# Physics 2240 Lab Report #1 - Physics 2240 Experiment#4B...

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Physics 2240 2/22/2016 Experiment #4B Series Parallel Circuits Devin Davis Introduction:
Simple circuits are connected by their components in a series and/or parallel arrangements. The components are usually called resistors and are hooked up to a battery source to create a current. A simple/complex circuit can be reduced to an equivalent resistance, which will equal the same current as the resistors. In this experiment, 4 different circuits will be examined and discussed. The behavior of parallel and series circuits are also studied throughout the experiment. The equivalent resistance is obtained by calculating Current (I) and measured Velocity (V). Percent difference between the theoretical and measured equivalent resistance will be measured for all 4 of the circuits. Theory: A circuit contains resistors that establish a current throughout the circuit system. Resistors are assumed in this experiment to obey Ohm’s Law and have a resistance of R. Resistors (two or more) can be connected in series or parallel. They also can be connected in a complex circuit containing a series/parallel circuit. An equivalent resistance is a single resistor that can replace a complex circuit, but still produce the same amount of current (if the voltage doesn’t increase/decrease). In a series circuit the resistances are additive to produce the equivalent resistance: R ( equivalent ) = R 1 + R 2 Equation 1 For a parallel circuit, the resistances add as reciprocals: 1 R ( equivalent ) = 1 R 1 + 1 R 2 Equation 2 Equation 1 & 2 will be used for the first 2 circuits respectively, while the last 2 circuits are more complex. They require noticing that certain resistors are in parallel or series. Circuit #3 consists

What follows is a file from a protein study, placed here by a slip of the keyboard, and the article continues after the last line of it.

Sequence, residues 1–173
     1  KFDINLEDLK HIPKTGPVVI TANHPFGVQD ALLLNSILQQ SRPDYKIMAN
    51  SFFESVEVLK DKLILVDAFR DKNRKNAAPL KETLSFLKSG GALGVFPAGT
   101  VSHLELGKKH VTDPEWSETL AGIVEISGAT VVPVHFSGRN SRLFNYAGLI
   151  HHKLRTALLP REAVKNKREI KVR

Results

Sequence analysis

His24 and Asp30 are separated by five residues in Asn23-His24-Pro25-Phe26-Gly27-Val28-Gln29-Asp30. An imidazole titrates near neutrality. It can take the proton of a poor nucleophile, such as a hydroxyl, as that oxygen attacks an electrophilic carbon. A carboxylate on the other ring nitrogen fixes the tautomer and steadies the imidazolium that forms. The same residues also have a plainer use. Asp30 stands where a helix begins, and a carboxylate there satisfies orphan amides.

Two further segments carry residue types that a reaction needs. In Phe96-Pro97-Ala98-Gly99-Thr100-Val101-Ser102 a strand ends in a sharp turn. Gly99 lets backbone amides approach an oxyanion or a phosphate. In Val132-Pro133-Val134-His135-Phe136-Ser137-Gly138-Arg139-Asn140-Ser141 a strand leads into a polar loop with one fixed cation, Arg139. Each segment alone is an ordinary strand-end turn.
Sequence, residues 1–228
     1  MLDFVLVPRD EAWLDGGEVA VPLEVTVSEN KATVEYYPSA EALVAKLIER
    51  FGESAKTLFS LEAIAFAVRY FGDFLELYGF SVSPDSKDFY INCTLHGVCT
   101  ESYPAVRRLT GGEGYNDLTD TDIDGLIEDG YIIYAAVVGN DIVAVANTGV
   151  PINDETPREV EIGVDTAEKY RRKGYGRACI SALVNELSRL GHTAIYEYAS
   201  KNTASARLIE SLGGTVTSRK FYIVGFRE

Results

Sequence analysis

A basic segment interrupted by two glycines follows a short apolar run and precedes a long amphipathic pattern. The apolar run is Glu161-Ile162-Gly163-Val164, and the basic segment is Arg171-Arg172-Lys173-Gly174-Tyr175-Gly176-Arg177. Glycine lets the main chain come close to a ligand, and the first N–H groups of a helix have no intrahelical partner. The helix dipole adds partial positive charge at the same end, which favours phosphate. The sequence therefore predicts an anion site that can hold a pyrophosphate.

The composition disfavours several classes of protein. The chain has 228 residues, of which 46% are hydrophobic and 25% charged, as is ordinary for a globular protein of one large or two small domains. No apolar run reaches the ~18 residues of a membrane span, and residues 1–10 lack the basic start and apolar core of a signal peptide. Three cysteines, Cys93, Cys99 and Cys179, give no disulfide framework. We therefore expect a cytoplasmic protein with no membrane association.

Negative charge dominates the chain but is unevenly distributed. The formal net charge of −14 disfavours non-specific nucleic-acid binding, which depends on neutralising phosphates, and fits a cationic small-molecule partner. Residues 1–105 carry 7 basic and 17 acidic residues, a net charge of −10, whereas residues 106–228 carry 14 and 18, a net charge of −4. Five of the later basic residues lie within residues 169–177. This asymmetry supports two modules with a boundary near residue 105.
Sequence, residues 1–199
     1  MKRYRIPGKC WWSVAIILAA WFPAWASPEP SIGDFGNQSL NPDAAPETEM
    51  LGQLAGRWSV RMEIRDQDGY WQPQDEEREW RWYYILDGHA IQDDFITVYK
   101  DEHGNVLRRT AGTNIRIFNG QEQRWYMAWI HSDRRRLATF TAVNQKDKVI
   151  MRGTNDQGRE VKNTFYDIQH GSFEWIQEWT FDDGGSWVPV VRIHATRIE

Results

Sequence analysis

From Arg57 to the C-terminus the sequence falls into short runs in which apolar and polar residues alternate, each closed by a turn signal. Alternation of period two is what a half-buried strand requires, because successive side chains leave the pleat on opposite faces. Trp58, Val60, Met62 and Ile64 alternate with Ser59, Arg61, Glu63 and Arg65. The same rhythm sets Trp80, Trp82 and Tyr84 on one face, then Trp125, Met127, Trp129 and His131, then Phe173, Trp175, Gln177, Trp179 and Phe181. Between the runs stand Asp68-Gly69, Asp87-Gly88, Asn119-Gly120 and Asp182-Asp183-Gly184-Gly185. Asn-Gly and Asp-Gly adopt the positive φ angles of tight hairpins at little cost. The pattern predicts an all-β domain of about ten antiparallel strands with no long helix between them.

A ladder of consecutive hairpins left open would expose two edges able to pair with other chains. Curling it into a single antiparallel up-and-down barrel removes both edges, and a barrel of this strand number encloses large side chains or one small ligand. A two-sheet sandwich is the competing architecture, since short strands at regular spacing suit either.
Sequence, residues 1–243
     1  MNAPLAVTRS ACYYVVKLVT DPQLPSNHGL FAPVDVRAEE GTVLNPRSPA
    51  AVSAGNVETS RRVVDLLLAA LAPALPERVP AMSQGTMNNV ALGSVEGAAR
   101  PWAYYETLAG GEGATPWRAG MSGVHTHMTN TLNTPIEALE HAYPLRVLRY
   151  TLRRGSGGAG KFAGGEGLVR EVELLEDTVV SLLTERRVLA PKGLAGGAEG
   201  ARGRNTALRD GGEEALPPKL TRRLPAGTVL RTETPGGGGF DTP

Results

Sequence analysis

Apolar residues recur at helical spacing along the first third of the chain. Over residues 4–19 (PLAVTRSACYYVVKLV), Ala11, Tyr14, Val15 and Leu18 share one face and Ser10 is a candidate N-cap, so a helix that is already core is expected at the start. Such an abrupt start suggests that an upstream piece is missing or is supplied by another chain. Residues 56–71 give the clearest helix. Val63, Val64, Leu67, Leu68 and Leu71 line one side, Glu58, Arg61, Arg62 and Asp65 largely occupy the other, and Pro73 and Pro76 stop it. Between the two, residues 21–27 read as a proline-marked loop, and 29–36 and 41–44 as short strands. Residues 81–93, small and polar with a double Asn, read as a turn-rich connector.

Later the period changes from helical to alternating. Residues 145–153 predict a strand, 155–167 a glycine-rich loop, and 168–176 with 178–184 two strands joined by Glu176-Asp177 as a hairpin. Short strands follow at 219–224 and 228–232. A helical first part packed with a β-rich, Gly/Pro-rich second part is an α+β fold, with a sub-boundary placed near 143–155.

of 2 resistors in parallel, who then can be calculated into an equivalent resistance using Equation 2. That equivalent resistance can then be added to the last resistor using Equation 1 to find the
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